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The Apennine Wolf

Updated on May 5, 2012

Sibillini National Park

The Apennine/Italian Wolf (Canis lupus italicus)

This relatively rare wolf is a sub species of the Grey Wolf, and thankfully has a very pure lineage unaffected by interbreeding with dogs. It was first documented in 1921, but was not actually recognised as a sub species of Wolf until 1999.

Although found mostly in the Apennines, it has recently crossed through the Alps in to Switzerland where it has been sighted.

This Wolf is of medium size, the male reaching weights of 88lbs and the female about 10% lighter. Their colouring is a blended brown or grey, but there have been , again recently, black Italian Wolves seen in the Murgello Region of Italy and the Tuscan-Emilian Apennines.

They are nocturnal hunters and their diet consists of Chamois, Red deer, Roe deer and Cinghali(Wild Boar), they will also sometimes eat berries and wild fruit for roughage. The packs tend to be small in number, but this is due to the scarcity of big prey animals in the wild. It is only in the protected National parks here in Central and in Northern Italy that they may number as many as 7 animals.

A pack consists of the Alpha pair who are the ones who reproduce, pups and younger adults who will remain with the family unit until of an age to breed themselves. At this time they will disperse and either join another pack, or form their own.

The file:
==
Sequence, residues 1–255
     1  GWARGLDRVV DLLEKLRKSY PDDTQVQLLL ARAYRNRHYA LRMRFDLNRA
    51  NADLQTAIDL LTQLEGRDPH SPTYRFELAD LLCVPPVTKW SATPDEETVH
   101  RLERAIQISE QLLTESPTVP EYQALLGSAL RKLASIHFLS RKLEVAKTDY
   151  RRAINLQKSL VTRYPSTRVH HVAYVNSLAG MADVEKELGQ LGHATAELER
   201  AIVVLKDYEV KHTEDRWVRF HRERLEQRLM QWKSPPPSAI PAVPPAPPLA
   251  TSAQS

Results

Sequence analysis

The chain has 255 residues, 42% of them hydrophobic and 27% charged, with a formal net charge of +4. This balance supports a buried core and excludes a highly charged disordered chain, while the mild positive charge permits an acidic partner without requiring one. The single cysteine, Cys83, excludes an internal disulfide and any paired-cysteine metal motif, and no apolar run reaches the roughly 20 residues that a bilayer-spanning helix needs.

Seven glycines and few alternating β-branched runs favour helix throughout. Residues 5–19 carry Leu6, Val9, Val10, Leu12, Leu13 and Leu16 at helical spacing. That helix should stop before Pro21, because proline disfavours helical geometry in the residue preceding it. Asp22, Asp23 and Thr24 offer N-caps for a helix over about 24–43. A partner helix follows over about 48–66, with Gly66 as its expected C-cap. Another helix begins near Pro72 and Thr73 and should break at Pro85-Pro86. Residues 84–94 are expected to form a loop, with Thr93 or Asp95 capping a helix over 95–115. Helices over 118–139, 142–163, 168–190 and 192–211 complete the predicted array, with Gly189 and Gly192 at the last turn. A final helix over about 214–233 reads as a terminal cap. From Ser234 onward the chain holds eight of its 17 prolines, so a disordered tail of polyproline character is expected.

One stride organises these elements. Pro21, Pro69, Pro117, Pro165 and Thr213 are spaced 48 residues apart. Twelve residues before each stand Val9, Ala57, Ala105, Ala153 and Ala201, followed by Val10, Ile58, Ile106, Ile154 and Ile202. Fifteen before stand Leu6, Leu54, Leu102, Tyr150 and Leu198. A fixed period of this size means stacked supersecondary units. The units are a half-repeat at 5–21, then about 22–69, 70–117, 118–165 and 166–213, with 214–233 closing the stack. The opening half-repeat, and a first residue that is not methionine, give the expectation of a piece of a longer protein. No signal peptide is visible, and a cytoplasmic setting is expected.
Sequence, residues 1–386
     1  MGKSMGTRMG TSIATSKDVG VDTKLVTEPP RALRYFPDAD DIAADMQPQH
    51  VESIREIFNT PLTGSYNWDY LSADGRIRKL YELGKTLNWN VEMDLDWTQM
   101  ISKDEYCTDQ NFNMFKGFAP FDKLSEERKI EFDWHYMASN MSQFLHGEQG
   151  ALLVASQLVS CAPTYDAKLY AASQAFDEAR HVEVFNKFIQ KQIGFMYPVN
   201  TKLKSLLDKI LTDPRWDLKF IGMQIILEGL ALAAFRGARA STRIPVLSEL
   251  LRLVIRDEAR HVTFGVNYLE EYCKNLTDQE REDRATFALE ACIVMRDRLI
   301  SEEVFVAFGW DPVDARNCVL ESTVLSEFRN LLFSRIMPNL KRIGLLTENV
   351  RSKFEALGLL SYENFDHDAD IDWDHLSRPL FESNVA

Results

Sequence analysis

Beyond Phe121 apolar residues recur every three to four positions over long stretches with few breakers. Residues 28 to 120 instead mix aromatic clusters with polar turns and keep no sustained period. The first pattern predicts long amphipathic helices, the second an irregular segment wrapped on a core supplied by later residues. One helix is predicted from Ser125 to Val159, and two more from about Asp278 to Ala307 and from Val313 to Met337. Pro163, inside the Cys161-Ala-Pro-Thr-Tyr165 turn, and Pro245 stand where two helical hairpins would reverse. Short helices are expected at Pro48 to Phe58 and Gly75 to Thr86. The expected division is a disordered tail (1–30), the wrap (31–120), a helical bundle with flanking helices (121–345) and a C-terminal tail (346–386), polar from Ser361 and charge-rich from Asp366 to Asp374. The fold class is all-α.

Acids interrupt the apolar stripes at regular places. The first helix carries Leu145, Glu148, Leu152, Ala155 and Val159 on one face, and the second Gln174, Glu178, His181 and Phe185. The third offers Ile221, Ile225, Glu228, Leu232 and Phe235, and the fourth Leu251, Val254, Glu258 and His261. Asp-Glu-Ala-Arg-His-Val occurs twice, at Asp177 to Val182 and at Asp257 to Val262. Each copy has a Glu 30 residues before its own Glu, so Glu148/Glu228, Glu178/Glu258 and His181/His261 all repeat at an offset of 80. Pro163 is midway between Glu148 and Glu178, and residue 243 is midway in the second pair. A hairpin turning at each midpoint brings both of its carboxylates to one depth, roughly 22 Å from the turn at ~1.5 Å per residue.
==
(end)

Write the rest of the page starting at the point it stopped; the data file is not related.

Mating takes place in mid_march and there is a 2 month pregnancy, the mothers age determining how many cubs will be born per litter. This can be anything from 2-8 with the cubs at birth weighing in 250-350 grams. Their eyes open at 11-12 days old, and they are weaned off an entirely milk diet around 45days old, although they cannot digest meat easily until in their third to fourth month of age. Something truly special about wolf packs is the care of each other and particularly the young. They form a really close family unit and so even if one or both of the Alpha parents is away hunting the youngest of the pack will always be cared for.

Conservation and Conservation Status

Under the Berne Convention wolves are listed as Endangered, the Apennine Wolf is considered in a Vulnerable state. It is illegal to kill them, however official culls are permitted to protect farm animals but only if there is no threat to the number of Italian Wolves.